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11 hours ago, Kerbal7 said:

I have no problem with having a space station. I have a problem with having a 150 Billion dollar space station when resources are limited. If I'd have had $150,000,000,000 to invest in the space program, it certainly wouldn't have gone into that space station.  

I specifically argued that the money for the space station was primarily a way for elected members of the US legislature to send money to their districts/states.  This was not 'money for a space station' this was 'money for buying reelection' which had something to do with space as an excuse, that NASA managed to turn it into a functioning space station is an irrelevant foot-note to the people who had the authority to allocate the funds.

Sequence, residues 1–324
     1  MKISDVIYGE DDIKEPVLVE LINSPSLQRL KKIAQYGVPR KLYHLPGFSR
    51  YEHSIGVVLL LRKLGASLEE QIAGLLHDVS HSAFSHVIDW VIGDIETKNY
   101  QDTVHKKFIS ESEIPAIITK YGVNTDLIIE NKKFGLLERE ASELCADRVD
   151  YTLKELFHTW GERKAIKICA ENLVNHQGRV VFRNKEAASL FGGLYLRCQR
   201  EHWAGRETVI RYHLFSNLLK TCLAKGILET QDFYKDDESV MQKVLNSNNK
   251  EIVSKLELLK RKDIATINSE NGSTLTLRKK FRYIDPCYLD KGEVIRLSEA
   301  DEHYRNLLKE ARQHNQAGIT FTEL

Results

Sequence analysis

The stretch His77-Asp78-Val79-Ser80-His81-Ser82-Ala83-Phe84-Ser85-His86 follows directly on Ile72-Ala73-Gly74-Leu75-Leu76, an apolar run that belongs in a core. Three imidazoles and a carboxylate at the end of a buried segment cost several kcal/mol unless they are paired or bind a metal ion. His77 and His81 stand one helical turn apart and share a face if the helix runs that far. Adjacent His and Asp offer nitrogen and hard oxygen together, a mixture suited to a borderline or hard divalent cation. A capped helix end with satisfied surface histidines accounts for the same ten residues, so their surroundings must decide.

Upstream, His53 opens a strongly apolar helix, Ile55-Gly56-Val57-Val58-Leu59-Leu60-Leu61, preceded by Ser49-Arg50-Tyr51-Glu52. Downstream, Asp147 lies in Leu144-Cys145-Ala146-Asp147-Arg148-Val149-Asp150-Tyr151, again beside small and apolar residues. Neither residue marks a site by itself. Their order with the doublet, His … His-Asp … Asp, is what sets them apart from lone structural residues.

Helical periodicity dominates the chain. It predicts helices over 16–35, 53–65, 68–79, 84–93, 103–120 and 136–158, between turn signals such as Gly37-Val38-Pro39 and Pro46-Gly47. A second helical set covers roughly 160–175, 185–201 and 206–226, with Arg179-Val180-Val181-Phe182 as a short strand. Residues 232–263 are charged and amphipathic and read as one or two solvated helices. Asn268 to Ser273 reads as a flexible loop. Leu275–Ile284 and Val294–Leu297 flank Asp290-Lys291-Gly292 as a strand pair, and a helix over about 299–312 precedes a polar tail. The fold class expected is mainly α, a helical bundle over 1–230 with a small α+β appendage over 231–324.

No part of that is an argument that the space station is an efficient way to spend money on science, but rather that the ISS is a way to squeeze science out of money that was going to be spent anyway.

 

In any case, this is at least the second time the goal-posts have been moved.  The original question was if there was any utility in having the space station, and that was later changed to ask if there was any utility for those of middle-class and lower that has come out of the space station.

11 hours ago, tater said:

Is there a source for the claim that LASIK has anything at all to do with ISS? It was done before any additional components might have been added as a result of anything on ISS, and as a cash procedure, there's a powerful business case to improve it, anyway (the lasik guys I know drive pretty fancy cars).